Bovine Respiratory Disease test a step closer

22 June 2018

The development of a precise, objective method of diagnosing Bovine Respiratory Disease (BRD) in Australian feedlot cattle through a blood test is progressing, with preliminary results from an MLA and ALFA research project showing a high degree of accuracy in identifying the disease.

BRD is the leading cause of morbidity and mortality in Australian feedlot cattle.

The project, Metabolomics of Bovine Respiratory Disease, has been identifying BRD using a diagnostic tool known as metabolomics and is being led by Associate Professor Luciano González from University of Sydney.

The researchers set out to explore changes that occur in the blood composition of animals with the onset of disease in the search for biomarkers to objectively define BRD cases.

The methodology behind metabolomics

Associate Professor González said the project confirmed that BRD could be identified using metabolomics, which is a field of science examining the metabolite profile of body tissues and fluids.

“We worked with a commercial feedlot in NSW and the trial involved 898 head of cattle, reflecting a mix of different breeds from different backgrounds,” Associate Professor González said.

PhD student Claudia Blakebrough-Hall explained the methodology.

“We took blood tests at induction and then again any time an animal was identified by pen riders as showing visual signs of BRD,” Claudia said.

“Cattle with visual symptoms were removed from the pen, and for every sick animal pulled, a visually healthy animal was also removed so we could compare blood results, lung auscultation scores and rectal temperatures.

The project examined blood samples from both sick and healthy animals to discover informative biomarkers.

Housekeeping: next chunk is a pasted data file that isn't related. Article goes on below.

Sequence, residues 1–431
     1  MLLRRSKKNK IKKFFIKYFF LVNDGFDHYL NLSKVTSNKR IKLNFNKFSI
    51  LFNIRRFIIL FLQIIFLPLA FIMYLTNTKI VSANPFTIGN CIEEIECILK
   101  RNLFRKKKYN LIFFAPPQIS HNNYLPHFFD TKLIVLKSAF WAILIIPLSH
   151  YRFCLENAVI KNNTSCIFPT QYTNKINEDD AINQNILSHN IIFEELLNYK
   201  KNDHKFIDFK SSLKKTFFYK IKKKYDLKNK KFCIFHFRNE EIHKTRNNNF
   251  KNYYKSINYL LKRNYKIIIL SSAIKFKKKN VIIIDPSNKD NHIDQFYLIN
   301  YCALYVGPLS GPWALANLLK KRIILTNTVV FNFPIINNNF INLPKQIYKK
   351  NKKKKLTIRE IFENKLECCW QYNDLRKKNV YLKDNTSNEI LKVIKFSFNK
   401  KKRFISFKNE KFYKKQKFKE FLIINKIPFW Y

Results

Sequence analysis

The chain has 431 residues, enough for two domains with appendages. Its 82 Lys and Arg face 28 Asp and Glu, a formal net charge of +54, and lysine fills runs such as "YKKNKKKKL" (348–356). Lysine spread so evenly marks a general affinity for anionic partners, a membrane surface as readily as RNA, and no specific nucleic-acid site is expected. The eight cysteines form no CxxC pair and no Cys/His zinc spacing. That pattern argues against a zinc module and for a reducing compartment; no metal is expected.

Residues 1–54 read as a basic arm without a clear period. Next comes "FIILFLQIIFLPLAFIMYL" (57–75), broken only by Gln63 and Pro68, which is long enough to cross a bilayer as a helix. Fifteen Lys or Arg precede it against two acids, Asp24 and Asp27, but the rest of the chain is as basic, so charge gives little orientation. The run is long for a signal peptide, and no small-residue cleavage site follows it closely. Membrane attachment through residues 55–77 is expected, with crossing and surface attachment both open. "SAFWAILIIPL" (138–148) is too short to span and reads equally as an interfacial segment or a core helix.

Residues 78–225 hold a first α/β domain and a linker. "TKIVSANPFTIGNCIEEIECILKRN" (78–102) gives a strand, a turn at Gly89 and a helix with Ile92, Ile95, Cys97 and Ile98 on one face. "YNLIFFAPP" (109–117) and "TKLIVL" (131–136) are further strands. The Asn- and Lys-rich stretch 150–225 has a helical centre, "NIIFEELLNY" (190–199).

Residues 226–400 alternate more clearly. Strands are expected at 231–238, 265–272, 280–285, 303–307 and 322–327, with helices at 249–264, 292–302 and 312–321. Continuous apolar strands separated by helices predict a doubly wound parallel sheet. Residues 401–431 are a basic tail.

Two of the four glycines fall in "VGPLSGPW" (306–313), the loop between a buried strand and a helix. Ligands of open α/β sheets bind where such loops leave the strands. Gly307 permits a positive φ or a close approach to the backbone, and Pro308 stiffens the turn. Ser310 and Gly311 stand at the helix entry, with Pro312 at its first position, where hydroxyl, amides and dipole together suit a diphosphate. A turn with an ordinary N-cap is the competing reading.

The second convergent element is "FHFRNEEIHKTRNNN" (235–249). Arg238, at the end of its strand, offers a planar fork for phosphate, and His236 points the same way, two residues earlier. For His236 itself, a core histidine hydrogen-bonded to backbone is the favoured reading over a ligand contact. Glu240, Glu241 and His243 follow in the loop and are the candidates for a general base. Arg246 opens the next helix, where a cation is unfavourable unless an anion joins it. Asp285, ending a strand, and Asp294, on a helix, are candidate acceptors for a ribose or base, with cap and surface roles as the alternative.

Researchers identified 12 different biomarkers in total that were associated to different clinical observations, but were able to determine a sick animal in the early stages of the illness with 85% accuracy. This was completed using just one biomarker on independent datasets which were not used in the initial search of biomarkers.

All animals were followed throughout the supply chain to slaughter, to measure the incidence of lesions, adhesions and abscesses in the lungs to see if there was any evidence an animal had BRD. Other carcase information was also collected.

“The trial demonstrated that when cattle became sick, it changed their metabolites in ways we expected. The composition of the blood of sick cattle reflected the visual changes the pen rider observed,” Claudia said.

Scope for further research

Associate Professor González said there was scope to undertake more research that could possibly lead to the development of a simple crush-side test to help lot feeders diagnose BRD.

“Other research that could lead from this trial includes examining what are the metabolomic changes of an animal going through the disease process,” Associate Professor González said.

“This would help us understand the science of disease development and refine therapeutic and treatment protocols.

“We would also like to trial prediction models and biomarkers in different feedlots in other parts of Australia.”

The final report is expected to be available soon on the MLA website.

More information
Find out more about Bovine Respiratory Disease (BRD).

Dr. Joe McMeniman
Project Manager – Feedlot
Email Dr. Joe McMeniman

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